I believe the solution to a question like Keystone XL is simple: Do the local representatives want it? If they do, it should be built. If they don't, it should not be. When election time comes, the people can vote out their representatives if they felt they had poor judgement. Simple.
As an example of how this works, ANWR would be pumping oil right now under those conditions. Those who actually live in the Arctic are overwhelmingly oil company workers and people who benefit from the sale of drilling rights. So naturally, the consensus on the ground is for drilling to go ahead.
On the other hand, Californians have beautiful beaches people actually visit to protect. They have enacted strict rules against drilling and pretty much anything else. If Calfornia wants to fix its budget by reopening the question, that should be the decision of the people and their representatives.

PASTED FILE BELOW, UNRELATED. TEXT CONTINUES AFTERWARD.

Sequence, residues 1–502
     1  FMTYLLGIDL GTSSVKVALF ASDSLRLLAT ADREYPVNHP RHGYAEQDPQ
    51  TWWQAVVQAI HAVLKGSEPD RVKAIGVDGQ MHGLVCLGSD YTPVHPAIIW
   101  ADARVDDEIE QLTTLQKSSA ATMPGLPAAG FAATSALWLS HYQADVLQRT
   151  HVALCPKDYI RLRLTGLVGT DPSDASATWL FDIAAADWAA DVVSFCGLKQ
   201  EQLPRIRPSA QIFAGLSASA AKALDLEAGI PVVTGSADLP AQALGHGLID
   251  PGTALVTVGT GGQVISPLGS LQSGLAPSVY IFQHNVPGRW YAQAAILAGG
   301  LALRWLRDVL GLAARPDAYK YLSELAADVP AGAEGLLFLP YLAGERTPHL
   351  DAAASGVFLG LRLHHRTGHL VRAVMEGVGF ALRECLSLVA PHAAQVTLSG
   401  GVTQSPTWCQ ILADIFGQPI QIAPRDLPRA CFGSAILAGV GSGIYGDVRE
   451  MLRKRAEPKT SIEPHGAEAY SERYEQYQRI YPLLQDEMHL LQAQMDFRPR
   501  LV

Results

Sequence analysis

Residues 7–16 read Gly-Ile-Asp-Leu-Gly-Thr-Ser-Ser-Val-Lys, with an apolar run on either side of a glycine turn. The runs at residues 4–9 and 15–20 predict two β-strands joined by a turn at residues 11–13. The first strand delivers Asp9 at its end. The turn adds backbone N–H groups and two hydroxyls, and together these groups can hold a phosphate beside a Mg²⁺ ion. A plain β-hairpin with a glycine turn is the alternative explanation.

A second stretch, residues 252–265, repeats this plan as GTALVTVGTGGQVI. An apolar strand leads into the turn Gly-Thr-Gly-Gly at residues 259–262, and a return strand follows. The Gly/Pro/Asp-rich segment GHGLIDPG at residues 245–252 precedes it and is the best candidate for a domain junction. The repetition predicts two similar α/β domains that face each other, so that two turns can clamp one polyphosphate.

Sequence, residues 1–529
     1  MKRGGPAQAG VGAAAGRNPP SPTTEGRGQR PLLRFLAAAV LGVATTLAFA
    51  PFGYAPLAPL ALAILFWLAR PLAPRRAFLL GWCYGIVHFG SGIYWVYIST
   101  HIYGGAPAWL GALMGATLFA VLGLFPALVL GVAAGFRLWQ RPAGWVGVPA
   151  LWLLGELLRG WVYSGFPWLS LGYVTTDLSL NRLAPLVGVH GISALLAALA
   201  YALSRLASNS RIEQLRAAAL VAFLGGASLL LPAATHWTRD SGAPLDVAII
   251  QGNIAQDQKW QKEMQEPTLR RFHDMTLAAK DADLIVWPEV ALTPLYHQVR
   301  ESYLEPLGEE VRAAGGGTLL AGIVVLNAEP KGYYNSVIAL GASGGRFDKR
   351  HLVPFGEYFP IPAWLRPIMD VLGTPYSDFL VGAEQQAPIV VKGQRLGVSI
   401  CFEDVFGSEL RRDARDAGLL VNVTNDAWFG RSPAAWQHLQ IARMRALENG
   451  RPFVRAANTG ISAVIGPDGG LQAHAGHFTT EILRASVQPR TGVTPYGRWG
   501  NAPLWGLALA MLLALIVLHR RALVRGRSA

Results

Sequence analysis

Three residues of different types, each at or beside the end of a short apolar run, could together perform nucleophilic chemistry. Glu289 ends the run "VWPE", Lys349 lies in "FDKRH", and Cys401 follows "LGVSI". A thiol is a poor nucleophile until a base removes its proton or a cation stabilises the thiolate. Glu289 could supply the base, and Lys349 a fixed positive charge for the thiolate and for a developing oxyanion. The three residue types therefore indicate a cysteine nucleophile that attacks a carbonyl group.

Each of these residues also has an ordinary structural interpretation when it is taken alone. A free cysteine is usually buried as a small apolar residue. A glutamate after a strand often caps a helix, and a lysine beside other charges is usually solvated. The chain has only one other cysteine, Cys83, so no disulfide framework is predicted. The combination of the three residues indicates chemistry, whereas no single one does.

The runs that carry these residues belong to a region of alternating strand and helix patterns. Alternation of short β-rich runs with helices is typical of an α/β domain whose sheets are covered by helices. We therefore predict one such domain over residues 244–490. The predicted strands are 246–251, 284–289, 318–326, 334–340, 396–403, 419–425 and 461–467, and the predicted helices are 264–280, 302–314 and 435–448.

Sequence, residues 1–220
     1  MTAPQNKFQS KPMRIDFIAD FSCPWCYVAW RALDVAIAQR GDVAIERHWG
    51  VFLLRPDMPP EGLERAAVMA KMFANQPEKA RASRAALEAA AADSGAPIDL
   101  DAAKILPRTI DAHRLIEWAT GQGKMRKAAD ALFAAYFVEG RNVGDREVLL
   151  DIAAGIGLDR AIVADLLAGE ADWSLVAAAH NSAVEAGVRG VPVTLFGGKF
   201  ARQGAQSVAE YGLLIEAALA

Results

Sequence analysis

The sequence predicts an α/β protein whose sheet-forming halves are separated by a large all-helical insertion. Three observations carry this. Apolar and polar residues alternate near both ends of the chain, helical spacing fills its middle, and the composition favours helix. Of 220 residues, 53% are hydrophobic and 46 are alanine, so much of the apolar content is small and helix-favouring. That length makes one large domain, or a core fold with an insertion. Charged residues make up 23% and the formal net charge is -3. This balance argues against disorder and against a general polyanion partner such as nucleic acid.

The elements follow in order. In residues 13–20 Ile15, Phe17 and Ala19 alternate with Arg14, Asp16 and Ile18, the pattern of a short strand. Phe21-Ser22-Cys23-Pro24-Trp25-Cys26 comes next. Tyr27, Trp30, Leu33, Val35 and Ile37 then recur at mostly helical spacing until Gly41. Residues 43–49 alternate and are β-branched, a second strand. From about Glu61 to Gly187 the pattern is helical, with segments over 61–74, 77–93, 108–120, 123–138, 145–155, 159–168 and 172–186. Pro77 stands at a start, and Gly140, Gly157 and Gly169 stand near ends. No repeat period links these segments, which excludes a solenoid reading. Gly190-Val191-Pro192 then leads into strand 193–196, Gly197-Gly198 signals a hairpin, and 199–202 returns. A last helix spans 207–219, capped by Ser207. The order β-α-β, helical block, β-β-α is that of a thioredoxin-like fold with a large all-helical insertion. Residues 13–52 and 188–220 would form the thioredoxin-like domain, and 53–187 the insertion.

In the case of Keystone XL, local governments agree that it's a great idea – it will bring jobs to the area and oil to US refineries. This is a huge win for our economy and to reduce dependence on oil produced by nations not friendly to us.
Either way, it is not a federal issue. Leave it to the states and the people directly involved.
And the Not in Any Backyards? They should just go home.
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Lake Worth, Florida - October 8, 2011
Occupy Wall Street: Was it something vitally important or just a flash in the pan? Was it a movement of the left, right or center? Was it a tea party threat or potential ally? I decided to visit my local Occupy Wall Street Rally, in Lake Worth, Florida, to find out.